Margaret Thatcher, Hilary Clinton and Michelle Obama: these three women are all powerful political figures, they will all be remembered in history and they certainly all know how to ‘power dress’. It is interesting to contrast their ‘power dressing’ prowess with the proliferation of gender fluidity in the fashion industry; a concept that has recently been highlighted by celebrities such as Jaden Smith and Kanye West.
When one first thinks of ‘power dressing’, images of large shoulder pads, muted colours and tailored blouses spring to mind. First initiated in the 1970’s, ‘power dressing’ was the practice of adopting a style that conveyed a sense of authority. Women often assumed ‘power dressing’ in male dominated industries, (think Margaret Thatcher), and so suit jackets, pencil skirts, low heels and understated pieces of jewellery tended to be staple pieces. The practice of ‘power dressing’ supposedly presented women as powerful, ‘serious’ and ready to work. It was a method of de-sexualisation: one that situated women on ‘the same level’ as men.
Even though ‘power dressing’ is perceived to be a 1970’s/1980’s trend, it has recently made a return. With Dolce & Gabbana dressing its models as matadors, it is clear that the trend is back with a bang. Donne Loveday, who co-curated the Design Museum’s exhibition on ‘Women Fashion Power’, stated “It’s not power dressing. It’s using clothes to suggest power.” What she is implicitly stating, then, is that first impressions count. If a woman is ‘smartly’ dressed, it is more likely that she will be taken seriously in the workplace. As much as we like to shun the phrase ‘don’t judge a book by its cover’, it is a sentiment that is still largely ignored both in and out of the workplace.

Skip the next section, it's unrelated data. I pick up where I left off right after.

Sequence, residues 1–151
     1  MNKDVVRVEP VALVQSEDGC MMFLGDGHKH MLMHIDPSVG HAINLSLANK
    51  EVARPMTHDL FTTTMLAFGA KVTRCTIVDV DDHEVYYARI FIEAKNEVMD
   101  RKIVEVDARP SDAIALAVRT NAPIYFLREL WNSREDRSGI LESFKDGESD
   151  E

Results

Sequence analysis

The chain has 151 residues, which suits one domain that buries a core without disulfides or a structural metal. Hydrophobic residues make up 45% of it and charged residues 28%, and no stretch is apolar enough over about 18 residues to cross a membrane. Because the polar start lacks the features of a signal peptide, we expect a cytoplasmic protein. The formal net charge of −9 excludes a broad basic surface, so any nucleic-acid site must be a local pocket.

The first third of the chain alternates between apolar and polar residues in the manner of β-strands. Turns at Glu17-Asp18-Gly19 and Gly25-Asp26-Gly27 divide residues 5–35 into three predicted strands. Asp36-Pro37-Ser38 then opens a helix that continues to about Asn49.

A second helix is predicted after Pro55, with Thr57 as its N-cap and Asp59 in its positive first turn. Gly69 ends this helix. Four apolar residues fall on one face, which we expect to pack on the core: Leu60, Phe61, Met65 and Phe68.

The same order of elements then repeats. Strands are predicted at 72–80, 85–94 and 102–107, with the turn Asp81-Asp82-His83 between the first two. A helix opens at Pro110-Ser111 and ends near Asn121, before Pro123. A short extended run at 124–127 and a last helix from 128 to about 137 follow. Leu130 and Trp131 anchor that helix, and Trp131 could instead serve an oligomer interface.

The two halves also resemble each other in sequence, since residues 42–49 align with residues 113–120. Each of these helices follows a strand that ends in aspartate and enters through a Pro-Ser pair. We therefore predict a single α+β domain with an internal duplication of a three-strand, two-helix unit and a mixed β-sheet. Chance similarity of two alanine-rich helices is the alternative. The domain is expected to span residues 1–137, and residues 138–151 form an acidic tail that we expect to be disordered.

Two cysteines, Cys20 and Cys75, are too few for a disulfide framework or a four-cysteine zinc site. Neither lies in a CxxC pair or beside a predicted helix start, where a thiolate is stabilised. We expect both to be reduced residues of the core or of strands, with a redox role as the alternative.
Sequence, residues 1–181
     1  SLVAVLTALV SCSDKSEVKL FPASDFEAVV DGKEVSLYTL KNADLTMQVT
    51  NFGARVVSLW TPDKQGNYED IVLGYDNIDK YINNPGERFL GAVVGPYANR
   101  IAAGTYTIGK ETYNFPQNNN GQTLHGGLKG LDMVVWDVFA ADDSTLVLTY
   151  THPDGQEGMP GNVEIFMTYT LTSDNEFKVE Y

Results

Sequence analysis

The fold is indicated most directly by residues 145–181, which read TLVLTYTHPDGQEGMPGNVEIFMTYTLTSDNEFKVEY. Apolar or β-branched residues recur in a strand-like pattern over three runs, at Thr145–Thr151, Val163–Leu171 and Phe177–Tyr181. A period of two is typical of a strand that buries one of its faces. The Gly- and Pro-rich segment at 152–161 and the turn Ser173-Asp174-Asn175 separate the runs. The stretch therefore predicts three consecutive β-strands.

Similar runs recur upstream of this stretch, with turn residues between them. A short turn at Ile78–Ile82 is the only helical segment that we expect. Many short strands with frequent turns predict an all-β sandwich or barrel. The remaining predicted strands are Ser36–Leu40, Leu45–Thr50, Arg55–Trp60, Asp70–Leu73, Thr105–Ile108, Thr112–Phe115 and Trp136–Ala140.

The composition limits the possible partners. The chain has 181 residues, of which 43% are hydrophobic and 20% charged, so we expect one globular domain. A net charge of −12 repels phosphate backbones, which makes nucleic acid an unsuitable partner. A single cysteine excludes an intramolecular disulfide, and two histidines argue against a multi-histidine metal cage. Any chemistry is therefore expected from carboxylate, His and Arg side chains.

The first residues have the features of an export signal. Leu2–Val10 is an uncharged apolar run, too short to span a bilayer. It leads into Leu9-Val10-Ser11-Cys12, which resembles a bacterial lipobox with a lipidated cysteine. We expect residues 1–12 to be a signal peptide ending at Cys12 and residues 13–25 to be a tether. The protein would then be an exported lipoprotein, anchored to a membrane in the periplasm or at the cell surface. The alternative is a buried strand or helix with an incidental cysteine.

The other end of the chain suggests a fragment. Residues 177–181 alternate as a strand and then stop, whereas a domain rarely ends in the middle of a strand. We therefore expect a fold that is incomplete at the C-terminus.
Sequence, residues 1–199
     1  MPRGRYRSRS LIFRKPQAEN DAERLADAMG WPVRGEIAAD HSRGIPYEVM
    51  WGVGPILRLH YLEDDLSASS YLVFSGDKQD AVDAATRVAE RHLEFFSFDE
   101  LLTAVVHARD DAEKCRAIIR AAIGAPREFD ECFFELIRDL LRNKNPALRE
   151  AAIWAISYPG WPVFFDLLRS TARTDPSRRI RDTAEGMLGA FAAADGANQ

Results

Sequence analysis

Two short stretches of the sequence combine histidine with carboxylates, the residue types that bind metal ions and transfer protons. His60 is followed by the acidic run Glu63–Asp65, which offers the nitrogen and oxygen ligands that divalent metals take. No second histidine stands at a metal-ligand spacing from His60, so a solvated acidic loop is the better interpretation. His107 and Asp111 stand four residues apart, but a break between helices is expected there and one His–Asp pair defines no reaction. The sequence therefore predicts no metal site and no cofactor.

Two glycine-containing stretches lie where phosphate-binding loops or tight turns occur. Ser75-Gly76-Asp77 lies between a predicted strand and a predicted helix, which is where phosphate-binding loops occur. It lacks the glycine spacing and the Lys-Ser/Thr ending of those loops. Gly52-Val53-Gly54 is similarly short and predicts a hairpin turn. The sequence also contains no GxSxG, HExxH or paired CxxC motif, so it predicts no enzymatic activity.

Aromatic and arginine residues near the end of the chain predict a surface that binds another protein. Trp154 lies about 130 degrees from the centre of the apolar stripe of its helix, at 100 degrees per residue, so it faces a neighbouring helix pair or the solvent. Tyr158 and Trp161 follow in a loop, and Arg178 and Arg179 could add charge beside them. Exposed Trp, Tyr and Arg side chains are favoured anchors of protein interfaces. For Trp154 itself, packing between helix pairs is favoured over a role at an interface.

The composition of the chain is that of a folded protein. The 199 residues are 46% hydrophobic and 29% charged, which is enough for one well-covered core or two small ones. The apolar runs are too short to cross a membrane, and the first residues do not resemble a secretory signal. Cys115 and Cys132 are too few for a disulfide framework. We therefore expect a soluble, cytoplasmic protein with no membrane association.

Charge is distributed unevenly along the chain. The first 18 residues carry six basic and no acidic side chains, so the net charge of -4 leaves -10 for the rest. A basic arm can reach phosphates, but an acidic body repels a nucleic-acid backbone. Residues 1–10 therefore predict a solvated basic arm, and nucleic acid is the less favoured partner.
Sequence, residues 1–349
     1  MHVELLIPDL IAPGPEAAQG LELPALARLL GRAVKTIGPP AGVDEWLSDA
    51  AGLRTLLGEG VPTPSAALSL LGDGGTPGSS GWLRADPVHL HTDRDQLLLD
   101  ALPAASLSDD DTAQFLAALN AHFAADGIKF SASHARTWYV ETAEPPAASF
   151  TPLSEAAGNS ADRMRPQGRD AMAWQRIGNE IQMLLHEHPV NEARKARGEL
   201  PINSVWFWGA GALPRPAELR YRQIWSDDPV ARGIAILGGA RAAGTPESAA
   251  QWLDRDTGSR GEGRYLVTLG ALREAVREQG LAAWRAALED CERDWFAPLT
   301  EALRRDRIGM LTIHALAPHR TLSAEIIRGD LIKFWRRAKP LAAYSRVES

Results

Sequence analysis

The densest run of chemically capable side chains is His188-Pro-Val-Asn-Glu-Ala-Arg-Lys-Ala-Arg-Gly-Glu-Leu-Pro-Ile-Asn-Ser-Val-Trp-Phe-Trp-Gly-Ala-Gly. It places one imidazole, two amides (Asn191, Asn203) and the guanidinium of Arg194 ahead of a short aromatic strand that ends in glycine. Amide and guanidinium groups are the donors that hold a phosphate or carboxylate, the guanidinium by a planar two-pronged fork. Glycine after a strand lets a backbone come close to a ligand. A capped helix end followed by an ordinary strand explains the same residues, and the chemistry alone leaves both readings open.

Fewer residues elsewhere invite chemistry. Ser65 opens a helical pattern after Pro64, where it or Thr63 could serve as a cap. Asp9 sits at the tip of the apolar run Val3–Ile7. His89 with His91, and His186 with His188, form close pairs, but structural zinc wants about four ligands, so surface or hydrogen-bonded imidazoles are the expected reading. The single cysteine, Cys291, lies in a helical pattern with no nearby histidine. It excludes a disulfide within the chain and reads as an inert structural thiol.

It is interesting to bring Jaden Smith into this discussion, as Louis Vuitton recently revealed that he would star in its most recent womenswear campaign. Gender fluidity is being vigorously discussed in the media, with the concept being articulated by Lady Gaga, Ruby Rose and in Tom Hooper’s film ‘The Danish Girl’. Jaden Smith has inspired the movement with his appeal for clothes to be non-gender specific, meaning that men can wear skirts and women can wear boxer shorts, if they so wish. Jaden’s petition, then, presents a stark contrast to the notion of women wearing men’s clothes simply to communicate a sense of power.
Traditionally, women have a much wider variety of clothing to choose from. Skirts and dresses were, and generally still are, perceived as female fashion. However, celebrities such as Jaden Smith, Kanye West and the late David Bowie have broadened the horizon for gender fluid fashion. Yes, women can ‘power dress’ in the workplace, purely because they are drawn to that particular style. Yes, men can wear skirts just because they want to. We would all do well to remember Jaden’s message – ‘Wear what you want and don’t care about traditions or what people say, it’s ‘personal’ style for a reason’.